Meshpoint is a Croatian open source hardware company that turns out rugged, meshing, battery-powered wifi hotspots that get their backhaul from cellular networks; they're based on the widely used Open WRT free/open wifi routing software, and use open source hardware designs that are intended to stand up to punishing field conditions like those found in refugee camps.
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Sara Elizabeth Williams' long, beautifully written profile of the merchants who established illegal storefronts on the Champs-Élysées, a stretch of road in Jordan's Za’atari refugee camp -- home to 93,000 Syrian refugees -- is a lens on the crisis created by decades of western complicity in the brutal Assad regime, followed by a global proxy war fought on Syrian soil, with no compassion or regard by any of the belligerents for the civilian costs.
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James Bridle (previously) is the latest contributor to The Atlantic's excellent series on the future of cities (Bruce Sterling, Molly Sauter, Adam Greenfield); in a new piece, Greenfield discusses the phenomenon of "virtual citizenship," and how it affects cities that are either turned into dumping-grounds for inconvenient poor people, or rootless, tax-dodging one-percenters.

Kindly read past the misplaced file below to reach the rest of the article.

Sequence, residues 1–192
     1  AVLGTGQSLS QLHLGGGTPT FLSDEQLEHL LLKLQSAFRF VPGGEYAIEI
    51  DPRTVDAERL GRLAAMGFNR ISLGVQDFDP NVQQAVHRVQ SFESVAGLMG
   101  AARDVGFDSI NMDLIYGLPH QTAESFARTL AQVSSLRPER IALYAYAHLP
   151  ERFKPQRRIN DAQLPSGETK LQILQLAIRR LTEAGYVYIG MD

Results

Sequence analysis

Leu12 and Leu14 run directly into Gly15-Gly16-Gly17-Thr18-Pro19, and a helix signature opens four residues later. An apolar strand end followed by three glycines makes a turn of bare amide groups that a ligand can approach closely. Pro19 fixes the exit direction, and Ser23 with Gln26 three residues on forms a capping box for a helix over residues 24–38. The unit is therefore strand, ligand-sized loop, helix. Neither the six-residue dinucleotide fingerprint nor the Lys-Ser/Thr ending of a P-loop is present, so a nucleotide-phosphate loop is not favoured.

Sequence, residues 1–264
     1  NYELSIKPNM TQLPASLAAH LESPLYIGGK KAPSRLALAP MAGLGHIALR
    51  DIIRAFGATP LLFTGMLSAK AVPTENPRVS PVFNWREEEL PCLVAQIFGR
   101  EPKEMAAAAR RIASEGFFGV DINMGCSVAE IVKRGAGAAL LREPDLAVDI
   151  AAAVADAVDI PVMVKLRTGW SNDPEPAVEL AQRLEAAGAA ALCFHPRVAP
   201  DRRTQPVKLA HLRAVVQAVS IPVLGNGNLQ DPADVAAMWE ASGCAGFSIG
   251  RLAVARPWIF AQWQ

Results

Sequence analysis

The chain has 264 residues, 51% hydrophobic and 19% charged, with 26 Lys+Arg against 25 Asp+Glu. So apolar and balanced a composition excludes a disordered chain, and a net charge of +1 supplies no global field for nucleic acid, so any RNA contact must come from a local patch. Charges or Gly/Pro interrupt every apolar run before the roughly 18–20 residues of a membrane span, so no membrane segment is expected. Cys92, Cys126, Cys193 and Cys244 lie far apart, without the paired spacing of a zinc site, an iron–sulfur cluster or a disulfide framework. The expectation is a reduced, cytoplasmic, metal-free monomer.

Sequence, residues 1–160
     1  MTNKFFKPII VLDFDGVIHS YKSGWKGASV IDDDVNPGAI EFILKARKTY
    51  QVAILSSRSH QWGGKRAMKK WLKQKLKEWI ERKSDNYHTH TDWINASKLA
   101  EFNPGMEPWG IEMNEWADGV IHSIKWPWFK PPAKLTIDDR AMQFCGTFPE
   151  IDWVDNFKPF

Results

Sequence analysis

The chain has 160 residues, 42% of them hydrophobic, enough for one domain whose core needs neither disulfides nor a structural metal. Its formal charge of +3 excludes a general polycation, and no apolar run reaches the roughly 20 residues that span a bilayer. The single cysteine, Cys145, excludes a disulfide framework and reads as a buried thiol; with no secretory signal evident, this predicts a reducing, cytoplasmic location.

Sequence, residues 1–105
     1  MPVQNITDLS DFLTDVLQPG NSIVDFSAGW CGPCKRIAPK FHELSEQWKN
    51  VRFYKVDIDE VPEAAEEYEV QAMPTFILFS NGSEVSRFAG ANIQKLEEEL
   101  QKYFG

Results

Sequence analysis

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Rojinessa labored through the night and gave birth to a baby boy around dawn. Her mother delivered the baby. No doctors were present. No midwives. No beeping machines. Rojinessa became a mother in a tent with a bare concrete floor, a plastic sheet roof, and no running water. She is a Rohingya refugee, living in Ukhia, Bangladesh, with more than 650,000 other refugees who have fled the grotesque and incomprehensible genocide ravaging her people in Burma.
Shoaib Ahmed is a Bangladeshi asylum seeker whom ICE has imprisoned in the Stewart Detention Center in Lumpkin, Georgia, a private prison run by CoreCivic (formerly the notorious Corrections Corporation of America, where he has been placed in solitary confinement -- a form of torture -- for refusing "voluntary" labor.
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The campaign to raise $500K for the UN High Commission on Refugees started with author/comedian Sara Benincasa daring Neil Gaiman to do a dramatic reading of the Cheesecake Factory menu; Gaiman responded that if she raised the half-mil, he'd not only read the Cheesecake Factory's (notoriously florid) menu, he'd follow up with a reading of Dr Seuss's Fox in Socks if the funds hit $1m (I hasten to point out that this activity involves some risk to Gaiman, given the Seuss estate's penchant for bullying acts of copyfraud). Read the rest
Richard Mosse uses military-grade surveillance equipment intended for detecting enemy movement for an unintended use: to document the plight of refugees, an extension of an earlier project titled Incoming. Read the rest